In a complaint filed Wednesday in federal court, Danroy Henry Sr. and Angella Henry of Easton, Mass., said the officer violated the civil and constitutional rights of their son, Danroy Henry Jr. They demanded compensation for their son's death and their suffering.
"Our son was wrongfully killed," Danroy Henry Sr. said at news conference outside the family home. In a statement accompanying the lawsuit, the parents said: "The pain of losing our son so suddenly is insatiable and not only has his absence changed us forever, but his suffering will always haunt us as well."
The Pleasantville, N.Y., officer, Aaron Hess, was cleared of wrongdoing by a grand jury in February. His colleagues recently named him Officer of the Year. His lawyer, John K. Grant, did not immediately return messages seeking comment on the lawsuit.
Autopsy results found Henry's blood-alcohol level above the legal driving limit, but the family says Henry was not drunk.
Hess has said he was hit by the car, thrown onto the hood and had no choice but to fire to stop the driver.
In their complaint, the Henrys said the car was moving at a reasonable speed. They said Hess jumped in front of the car, "ascended" the hood and fired at their son for no good reason.
Family lawyer Michael Sussman said later that witnesses saw Hess jump onto the hood.
"The murder of Mr. Henry was without justification," he added at a news conference outside the courthouse in White Plains.
Danroy Henry Sr. said the account in the complaint was based on "multiple eyewitnesses."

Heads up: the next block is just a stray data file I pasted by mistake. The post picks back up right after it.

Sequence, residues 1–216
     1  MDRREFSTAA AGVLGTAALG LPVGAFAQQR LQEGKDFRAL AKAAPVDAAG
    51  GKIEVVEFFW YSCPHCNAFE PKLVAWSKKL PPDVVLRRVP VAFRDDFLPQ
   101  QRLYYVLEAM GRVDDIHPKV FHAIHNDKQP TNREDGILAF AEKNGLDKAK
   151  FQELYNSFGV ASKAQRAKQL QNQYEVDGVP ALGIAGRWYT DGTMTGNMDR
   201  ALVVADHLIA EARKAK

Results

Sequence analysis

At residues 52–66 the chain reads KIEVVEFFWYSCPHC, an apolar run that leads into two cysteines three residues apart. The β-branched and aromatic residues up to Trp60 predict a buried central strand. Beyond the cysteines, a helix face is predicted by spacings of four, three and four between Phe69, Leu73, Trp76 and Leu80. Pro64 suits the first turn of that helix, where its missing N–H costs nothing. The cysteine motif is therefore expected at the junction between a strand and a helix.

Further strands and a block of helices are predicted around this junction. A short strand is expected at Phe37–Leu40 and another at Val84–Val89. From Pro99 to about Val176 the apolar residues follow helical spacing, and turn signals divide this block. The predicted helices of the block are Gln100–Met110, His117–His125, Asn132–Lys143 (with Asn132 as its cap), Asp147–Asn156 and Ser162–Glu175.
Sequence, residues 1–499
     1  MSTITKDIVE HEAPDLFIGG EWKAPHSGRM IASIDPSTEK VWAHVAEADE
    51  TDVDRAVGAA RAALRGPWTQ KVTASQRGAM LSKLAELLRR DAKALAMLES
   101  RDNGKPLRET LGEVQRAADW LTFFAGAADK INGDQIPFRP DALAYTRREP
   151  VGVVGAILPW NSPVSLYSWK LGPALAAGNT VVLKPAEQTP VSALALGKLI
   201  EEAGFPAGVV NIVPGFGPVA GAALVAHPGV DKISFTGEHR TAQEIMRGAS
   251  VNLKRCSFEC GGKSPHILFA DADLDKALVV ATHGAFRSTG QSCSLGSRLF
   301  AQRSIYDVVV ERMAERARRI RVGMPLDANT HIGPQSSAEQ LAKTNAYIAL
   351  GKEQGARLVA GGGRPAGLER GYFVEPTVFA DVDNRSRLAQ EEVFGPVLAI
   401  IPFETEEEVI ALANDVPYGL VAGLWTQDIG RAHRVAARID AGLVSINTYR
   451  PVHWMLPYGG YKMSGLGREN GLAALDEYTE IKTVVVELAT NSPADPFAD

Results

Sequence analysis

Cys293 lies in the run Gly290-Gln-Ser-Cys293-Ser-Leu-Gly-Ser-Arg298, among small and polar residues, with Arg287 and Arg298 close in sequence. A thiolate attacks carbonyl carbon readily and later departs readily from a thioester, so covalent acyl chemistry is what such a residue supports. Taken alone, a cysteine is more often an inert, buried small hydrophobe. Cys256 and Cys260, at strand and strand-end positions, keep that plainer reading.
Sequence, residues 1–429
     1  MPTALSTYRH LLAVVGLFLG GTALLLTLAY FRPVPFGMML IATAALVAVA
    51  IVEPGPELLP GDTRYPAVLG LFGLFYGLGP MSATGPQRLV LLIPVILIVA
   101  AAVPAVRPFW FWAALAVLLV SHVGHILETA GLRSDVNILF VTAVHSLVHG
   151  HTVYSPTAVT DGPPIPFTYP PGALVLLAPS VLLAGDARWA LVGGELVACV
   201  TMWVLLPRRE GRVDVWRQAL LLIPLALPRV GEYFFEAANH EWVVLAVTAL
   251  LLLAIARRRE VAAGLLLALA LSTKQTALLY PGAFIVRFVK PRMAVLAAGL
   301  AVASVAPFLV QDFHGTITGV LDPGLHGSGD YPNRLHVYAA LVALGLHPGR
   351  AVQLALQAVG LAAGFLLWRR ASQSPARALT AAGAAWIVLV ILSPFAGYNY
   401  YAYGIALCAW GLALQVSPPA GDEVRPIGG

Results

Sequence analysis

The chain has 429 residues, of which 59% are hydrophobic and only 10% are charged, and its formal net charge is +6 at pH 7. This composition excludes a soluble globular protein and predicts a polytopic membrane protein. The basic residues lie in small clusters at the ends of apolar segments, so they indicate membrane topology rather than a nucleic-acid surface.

The complaint said the shooting was "the sort of action which must be eliminated and deterred to preserve the values of a civilized society."
Henry said the lawsuit will give the family a chance to subpoena surveillance video and 911 recordings.
"We don't know what's on them, but we think if that material was helpful to the other side they would have been released already," he said.
The complaint said Henry, who was a defensive back for Pace, "planned to pursue a career in the National Football League and/or business" and his death caused his parents monetary harm.
The lawsuit also named the village of Pleasantville as a defendant. It said the village contributed to Henry's death by failing to properly train and supervise Hess.
Pleasantville Mayor Peter Scherer said, "Neither the Village nor Officer Aaron Hess violated any laws or rules of conduct."
The lawsuit alleged civil rights violations, but there was no mention of race in the complaint. Henry was black and Hess is white.
The parents have previously refused to blame the shooting on racial prejudice, saying they did not know what was in Hess' heart.
"We don't know why he did it," the father said Wednesday. "We've focused instead on what he did."
However, the Henrys have requested a federal investigation, and the Justice Department has said it would review the case for possible civil rights violations.
The Henrys said in January they also planned to sue the town of Mount Pleasant because a Mount Pleasant officer also fired at Henry's car. But Sussman, their lawyer, said Wednesday they decided to sue only those who whose actions caused their son's death.
No specific amount of damages was listed in the complaint.
Sussman said in January the Henrys would seek $120 million but he said Wednesday the matter would be left to the jury.
He said the case could take more than three years.